SIMEC Atlantis Energy informed on November 6 that it was upgrading its forecasts for the expansion of the MeyGen 1A site.
The company said it had treated this as a marginal project with a net capital cost of £22m largely spent in 2019 and delivering marginal income in 2020. SIMEC Atlantis will also increase the output on the existing turbines from 2020. The grant income will be added in over 5 years from 2020 in equal installments.
Finally, the company stated that it had assumed Atlantis Turbine and Engineering Services will benefit from the project spend to the amount of £11.7m by the end of 2020. This will be consolidated out, but there will still be a cash margin benefit.
The main impact is in FY 2020 with revenue increasing to £9.4m from £6.7m and LBITDA to -£0.2m from -£2.9m. FY 2021 also improves with revenue increasing to £80.0m from £72.4m and EBITDA to £42.2m from £34.9m.
The impact of the expansion at MeyGen 1A raises SIMEC Atlantis’ target price to 81p from 74p, the company stated.
In terms of risks, the company said that the expansion at MeyGen had some execution risk and pointed out that SIMEC Atlantis’ growing experience in marine interventions meant this risk is now lower than during the original deployment.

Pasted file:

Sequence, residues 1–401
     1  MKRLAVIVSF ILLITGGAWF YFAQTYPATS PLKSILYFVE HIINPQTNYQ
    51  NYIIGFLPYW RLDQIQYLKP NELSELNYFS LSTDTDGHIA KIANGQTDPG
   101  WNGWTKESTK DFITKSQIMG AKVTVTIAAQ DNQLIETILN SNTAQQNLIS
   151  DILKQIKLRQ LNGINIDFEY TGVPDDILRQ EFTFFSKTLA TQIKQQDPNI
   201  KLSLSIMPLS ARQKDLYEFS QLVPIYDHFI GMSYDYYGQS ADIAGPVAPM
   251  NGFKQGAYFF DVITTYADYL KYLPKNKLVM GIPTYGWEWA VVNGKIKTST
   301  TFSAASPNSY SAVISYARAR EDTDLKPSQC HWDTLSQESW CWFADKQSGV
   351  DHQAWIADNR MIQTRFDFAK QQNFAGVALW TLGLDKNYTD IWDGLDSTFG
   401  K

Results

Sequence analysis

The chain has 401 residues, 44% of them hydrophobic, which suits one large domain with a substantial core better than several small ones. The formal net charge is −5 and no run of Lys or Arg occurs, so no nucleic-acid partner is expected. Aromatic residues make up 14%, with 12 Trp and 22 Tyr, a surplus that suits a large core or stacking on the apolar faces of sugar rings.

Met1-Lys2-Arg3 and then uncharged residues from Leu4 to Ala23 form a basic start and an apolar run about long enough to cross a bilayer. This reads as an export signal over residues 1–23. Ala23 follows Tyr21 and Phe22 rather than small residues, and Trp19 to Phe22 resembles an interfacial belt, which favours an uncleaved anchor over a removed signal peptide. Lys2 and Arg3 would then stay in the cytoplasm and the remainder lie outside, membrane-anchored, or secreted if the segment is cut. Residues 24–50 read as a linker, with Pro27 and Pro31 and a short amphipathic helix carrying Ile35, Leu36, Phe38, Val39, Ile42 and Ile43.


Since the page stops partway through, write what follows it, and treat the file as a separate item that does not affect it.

In April 2018, the MeyGen Phase 1A project completed the construction phase and officially entered the 25-year operations phase.
At the end of October, SIMEC Atlantis Energy revealed plans to deliver 40% more yield from the MeyGen tidal energy array by installing two of its new tidal turbines to the scheme – AR2000 – capable of generating up to 2.0MW using more powerful generators and larger rotor diameters. The machines will use a new subsea connection hub and share a single export cable, enhancing the existing 6MW MeyGen array.
The proposed project, called Project Stroma, has been awarded revenue support in the form of a NER3000 EU package worth €16.8m and paid over 5 years. SIMEC Atlantis also expects to seek additional debt support.
The European Investment Bank has funds allocated for tidal projects and few projects in which to invest and could therefore be a source of support, according to the company.
Guidance on the net capital cost is around £22m. Our modelling suggest that the marginal activity should result in an IRR of 13%. The company will also benefit from the turbine sales to the project together with relate engineering services. Overall we model the work to increase our target price to 81p from 74p.”
The project also allows the AR2000 to be demonstrated in a live environment together with the new connection hub. This aids SIMEC Atlantis as it develops tidal projects elsewhere, notably in France, the company stated.